AllowOverride enableWhitelist
AllowOverride signatureLocation
AllowOverride showFactors
AllowOverride optIn optOut
AllowOverride whitelistThreshold
MySQLServer    	/var/lib/mysql/mysql.sock
MySQLUser 	     	dspam
MySQLPass    		********
MySQLDb      	  	dspam
MySQLCompress		true
IgnoreHeader Received: from
Notifications	off
PurgeSignatures 14          # Stale signatures
PurgeNeutral    90          # Tokens with neutralish probabilities
PurgeUnused     90          # Unused tokens
PurgeHapaxes    30          # Tokens with less than 5 hits (hapaxes)
PurgeHits1S	15          # Tokens with only 1 spam hit
PurgeHits1I	15          # Tokens with only 1 innocent hit
SystemLog on
UserLog   on
Opt out

## EOF


# This program is free software; you can redistribute it and/or
# modify it under the terms of the GNU General Public License
# as published by the Free Software Foundation; version 2
# of the License.
# This program is distributed in the hope that it will be useful,
# but WITHOUT ANY WARRANTY; without even the implied warranty of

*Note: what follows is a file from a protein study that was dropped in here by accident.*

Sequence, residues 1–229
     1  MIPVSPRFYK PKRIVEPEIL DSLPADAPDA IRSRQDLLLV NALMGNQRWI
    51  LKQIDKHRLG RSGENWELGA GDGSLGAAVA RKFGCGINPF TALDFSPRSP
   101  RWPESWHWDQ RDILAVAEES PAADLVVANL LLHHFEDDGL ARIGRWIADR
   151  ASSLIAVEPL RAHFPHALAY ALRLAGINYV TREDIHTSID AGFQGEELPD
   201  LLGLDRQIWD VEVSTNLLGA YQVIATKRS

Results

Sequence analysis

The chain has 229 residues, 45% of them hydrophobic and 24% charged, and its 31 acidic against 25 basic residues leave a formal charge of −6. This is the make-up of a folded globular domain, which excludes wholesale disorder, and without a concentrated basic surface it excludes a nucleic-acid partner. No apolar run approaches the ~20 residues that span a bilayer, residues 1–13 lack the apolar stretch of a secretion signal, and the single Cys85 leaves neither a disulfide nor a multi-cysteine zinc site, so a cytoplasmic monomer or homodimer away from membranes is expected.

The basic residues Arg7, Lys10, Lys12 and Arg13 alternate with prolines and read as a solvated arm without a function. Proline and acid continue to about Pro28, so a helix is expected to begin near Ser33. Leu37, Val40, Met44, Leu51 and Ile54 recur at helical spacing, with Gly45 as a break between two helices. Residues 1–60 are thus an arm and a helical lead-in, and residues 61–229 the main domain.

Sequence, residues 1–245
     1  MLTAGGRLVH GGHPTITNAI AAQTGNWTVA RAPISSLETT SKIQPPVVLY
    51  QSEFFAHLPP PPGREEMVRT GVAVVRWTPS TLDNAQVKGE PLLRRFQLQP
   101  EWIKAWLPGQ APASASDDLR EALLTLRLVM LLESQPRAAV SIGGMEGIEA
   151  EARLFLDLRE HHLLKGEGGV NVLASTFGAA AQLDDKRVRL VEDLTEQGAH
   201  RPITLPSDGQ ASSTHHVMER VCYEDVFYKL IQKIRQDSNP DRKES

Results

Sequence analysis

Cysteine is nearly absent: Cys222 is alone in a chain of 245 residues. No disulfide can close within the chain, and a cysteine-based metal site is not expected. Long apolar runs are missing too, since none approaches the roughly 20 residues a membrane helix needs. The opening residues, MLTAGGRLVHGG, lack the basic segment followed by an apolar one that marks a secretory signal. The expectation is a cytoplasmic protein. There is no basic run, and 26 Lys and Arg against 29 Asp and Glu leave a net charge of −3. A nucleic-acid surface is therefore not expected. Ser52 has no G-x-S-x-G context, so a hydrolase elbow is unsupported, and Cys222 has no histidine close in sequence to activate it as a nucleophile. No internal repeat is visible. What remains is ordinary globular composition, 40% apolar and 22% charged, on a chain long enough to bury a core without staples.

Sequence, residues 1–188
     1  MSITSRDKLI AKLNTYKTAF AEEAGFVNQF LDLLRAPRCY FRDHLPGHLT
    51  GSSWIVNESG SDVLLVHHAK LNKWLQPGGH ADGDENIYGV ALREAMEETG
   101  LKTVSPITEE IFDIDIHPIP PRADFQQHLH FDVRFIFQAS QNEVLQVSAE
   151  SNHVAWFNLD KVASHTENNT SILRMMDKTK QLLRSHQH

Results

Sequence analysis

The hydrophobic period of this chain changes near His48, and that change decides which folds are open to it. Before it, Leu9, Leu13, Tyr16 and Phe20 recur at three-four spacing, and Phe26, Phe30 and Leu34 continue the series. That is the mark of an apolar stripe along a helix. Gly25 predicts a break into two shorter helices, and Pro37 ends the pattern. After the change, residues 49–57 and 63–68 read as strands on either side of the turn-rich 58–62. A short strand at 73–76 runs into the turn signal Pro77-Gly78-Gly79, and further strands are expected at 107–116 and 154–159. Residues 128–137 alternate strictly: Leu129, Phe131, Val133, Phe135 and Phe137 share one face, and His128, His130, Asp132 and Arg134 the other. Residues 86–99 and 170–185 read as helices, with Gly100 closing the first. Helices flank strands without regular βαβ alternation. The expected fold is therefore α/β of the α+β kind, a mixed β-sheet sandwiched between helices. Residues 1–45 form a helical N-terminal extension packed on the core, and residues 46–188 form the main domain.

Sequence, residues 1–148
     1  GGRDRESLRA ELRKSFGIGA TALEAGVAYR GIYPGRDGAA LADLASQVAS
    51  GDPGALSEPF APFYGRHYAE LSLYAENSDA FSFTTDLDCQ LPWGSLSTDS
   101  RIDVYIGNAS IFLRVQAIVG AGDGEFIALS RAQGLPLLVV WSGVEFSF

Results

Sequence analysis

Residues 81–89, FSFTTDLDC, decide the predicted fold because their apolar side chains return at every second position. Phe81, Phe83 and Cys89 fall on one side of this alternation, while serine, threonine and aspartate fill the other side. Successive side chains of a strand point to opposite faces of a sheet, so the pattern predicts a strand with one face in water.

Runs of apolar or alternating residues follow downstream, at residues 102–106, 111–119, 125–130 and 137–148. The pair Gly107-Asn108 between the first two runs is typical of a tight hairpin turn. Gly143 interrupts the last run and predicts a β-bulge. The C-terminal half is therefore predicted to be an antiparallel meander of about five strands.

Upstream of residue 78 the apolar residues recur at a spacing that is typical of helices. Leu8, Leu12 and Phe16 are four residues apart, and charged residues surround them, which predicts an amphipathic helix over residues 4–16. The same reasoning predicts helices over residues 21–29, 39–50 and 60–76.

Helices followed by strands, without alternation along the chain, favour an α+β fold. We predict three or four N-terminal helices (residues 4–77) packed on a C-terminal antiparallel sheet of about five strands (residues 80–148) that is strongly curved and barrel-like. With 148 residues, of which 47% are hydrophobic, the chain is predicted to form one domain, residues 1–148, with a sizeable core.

# GNU General Public License for more details.
# You should have received a copy of the GNU General Public License
# along with this program; if not, write to the Free Software
# Foundation, Inc., 59 Temple Place - Suite 330, Boston, MA  02111-1307, USA.

# This configuration file is read by all the CGI scripts to configure both the
# environment that DSPAM is working in and the way it will display information
# to the web user.

# Default DSPAM enviroment
$CONFIG{'DSPAM_HOME'}   = "/usr/local/var/dspam";
$CONFIG{'DSPAM_BIN'}    = "/usr/local/bin";
$CONFIG{'DSPAM'}        = $CONFIG{'DSPAM_BIN'} . "/dspam";
$CONFIG{'DSPAM_STATS'}  = $CONFIG{'DSPAM_BIN'} . "/dspam_stats";